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These early forms of public transport developed out of industrial haulage routes that had long been in existence, and from the omnibus routes that first ran on public streets in the 1820s, using the newly improved iron or steel rail or 'tramway'. These were local versions of the stagecoach lines and picked up and dropped off passengers on a regular route, without the need to be pre-hired. Horsecars on tramlines were an improvement over the omnibus as the low rolling resistance of metal wheels on iron or steel rails (usually grooved from 1852 on), allowed the animals to haul a greater load for a given effort than the omnibus and gave a smoother ride. The horse-drawn streetcar combined the low cost, flexibility, and safety of animal power with the efficiency, smoothness, and all-weather capability of a rail right-of-way.
The first rail passenger services in the world were started by the Oystermouth Railway in Wales, using specially designed carriages on an existing tramline built for horse-drawn freight dandies. Fare-paying passengers were carried on a line between Oystermouth, Mumbles and Swansea Docks from 1807.
In the United States the very first streetcar appeared on November 26th, 1832, on the New York and Harlem Railroad in New York City.  The cars were designed by John Stephenson of New Rochelle, New York and constructed at his company in New York City. The earliest streetcars used horses and sometimes mules, usually two as a team, to haul the cars. Rarely, other animals were tried, including humans in emergency circumstances. By the mid-1880s, there were 415 street railway companies in the USA operating over 6,000 miles of track and carrying 188 million passengers per year using horsecars.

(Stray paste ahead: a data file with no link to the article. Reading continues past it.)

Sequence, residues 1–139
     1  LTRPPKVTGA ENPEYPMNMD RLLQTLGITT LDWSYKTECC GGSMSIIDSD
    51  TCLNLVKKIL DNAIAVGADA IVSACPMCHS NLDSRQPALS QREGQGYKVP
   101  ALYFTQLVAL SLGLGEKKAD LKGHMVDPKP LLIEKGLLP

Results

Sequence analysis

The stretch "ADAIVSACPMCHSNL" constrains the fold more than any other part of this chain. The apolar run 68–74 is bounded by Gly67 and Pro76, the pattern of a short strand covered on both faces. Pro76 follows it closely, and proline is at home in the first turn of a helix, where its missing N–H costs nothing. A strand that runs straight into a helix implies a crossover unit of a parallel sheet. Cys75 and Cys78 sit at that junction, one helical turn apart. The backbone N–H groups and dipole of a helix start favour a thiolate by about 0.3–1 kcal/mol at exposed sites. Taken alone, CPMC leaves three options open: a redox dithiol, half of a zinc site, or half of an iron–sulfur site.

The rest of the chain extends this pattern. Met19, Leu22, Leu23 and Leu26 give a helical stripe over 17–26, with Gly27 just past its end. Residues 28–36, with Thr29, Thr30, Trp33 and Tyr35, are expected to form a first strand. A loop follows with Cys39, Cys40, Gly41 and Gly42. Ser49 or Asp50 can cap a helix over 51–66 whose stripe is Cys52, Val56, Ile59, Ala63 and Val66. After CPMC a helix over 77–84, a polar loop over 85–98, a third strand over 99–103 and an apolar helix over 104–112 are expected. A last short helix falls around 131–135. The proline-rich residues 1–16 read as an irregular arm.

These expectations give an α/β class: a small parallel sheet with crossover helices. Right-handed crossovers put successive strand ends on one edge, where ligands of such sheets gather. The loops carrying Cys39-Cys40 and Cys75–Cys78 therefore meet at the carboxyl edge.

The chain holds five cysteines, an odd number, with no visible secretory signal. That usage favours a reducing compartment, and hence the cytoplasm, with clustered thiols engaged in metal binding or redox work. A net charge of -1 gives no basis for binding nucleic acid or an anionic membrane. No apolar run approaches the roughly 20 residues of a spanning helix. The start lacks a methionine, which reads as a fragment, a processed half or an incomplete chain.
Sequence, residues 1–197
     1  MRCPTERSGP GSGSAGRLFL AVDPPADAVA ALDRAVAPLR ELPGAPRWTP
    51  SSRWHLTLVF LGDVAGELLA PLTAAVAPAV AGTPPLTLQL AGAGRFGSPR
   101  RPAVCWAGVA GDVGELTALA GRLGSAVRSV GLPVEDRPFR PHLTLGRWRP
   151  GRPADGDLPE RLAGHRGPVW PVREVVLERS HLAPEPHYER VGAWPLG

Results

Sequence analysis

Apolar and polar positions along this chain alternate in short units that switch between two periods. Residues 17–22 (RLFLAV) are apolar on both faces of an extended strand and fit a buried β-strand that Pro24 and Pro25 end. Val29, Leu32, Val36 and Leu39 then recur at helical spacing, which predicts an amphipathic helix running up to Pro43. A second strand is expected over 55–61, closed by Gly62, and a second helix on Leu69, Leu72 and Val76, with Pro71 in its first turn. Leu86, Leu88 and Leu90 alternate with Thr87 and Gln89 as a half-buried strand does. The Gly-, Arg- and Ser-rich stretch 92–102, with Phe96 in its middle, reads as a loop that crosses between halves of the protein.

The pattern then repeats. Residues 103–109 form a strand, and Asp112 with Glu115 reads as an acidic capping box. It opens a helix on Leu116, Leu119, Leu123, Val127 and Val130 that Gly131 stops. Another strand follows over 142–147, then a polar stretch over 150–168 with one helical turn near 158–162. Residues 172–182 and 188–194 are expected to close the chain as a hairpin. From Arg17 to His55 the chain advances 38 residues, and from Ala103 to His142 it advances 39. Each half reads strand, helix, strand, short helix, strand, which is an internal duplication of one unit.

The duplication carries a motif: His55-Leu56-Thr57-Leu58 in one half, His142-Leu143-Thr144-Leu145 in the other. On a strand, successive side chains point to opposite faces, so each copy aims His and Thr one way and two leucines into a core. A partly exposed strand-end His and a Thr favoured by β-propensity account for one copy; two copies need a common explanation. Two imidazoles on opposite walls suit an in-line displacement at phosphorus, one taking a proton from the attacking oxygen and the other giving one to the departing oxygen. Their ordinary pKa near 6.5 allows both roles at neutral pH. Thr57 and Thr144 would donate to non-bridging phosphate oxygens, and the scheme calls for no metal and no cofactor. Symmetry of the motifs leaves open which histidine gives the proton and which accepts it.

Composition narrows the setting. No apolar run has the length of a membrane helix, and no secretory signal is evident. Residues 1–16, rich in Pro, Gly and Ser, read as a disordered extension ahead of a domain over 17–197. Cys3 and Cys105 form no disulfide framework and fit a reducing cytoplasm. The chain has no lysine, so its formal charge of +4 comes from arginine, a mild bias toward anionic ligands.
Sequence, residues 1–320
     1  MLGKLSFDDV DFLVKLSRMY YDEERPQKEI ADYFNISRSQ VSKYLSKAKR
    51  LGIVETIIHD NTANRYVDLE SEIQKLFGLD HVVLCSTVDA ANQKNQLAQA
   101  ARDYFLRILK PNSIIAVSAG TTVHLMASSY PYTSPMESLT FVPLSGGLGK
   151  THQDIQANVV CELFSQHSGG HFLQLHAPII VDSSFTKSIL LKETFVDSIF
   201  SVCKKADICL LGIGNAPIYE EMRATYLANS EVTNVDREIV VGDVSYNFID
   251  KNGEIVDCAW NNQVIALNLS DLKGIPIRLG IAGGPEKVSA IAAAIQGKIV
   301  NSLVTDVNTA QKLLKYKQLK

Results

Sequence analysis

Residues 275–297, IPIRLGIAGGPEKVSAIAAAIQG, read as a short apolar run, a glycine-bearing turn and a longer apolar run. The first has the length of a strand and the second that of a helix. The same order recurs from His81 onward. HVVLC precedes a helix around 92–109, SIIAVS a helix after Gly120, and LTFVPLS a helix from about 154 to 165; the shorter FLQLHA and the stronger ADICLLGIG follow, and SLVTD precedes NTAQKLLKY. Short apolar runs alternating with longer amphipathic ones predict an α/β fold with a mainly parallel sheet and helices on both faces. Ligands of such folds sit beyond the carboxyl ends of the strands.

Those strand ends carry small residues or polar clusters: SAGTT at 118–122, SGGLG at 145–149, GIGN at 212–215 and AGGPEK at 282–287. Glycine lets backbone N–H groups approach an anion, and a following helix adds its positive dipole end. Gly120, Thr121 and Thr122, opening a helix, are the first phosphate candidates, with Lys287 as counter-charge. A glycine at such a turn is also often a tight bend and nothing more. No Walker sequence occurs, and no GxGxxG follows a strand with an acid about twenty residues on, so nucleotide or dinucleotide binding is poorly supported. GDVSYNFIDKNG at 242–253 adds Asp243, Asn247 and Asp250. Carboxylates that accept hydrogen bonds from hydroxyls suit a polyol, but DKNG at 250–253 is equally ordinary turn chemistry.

In 1861 Toronto Street Railway horse cars replaced horse driven omnibuses as public transit mode in Toronto. Starting in 1892 electric streetcars emerged in Toronto and by 1894 the TSR stopped operating horsecars in Toronto.
In spite of its early start, it took many years for horse-drawn street cars to become widely acceptable across Britain; the American George Francis Train first introduced them to Birkenhead in 1860 but was jailed for "breaking and injuring" the highway when he next tried to lay the first tram tracks on the roads of London. An 1870 Act of Parliament overcame these legal obstacles by defining responsibilities and for the next three decades many local tramway companies were founded, using horse-drawn carriages, until replaced by cable, steam or electric traction. Many companies adopted a design of a partly enclosed double-decker carriage hauled by two horses. The last horse-drawn tram was retired from London in 1915.
The first horse-drawn rail cars on the continent of Europe were operated from 1828 by the České Budějovice - Linz railway. Europe saw a proliferation of horsecar use for new tram services from the mid-1860s, many towns building new networks.
Problems with horsecars included the fact that any given animal could only work so many hours on a given day, had to be housed, groomed, fed and cared for day in and day out, and produced prodigious amounts of manure, which the streetcar company was charged with storing and then disposing of. Since a typical horse pulled a streetcar for about a dozen miles a day and worked for four or five hours, many systems needed ten or more horses in stable for each horsecar.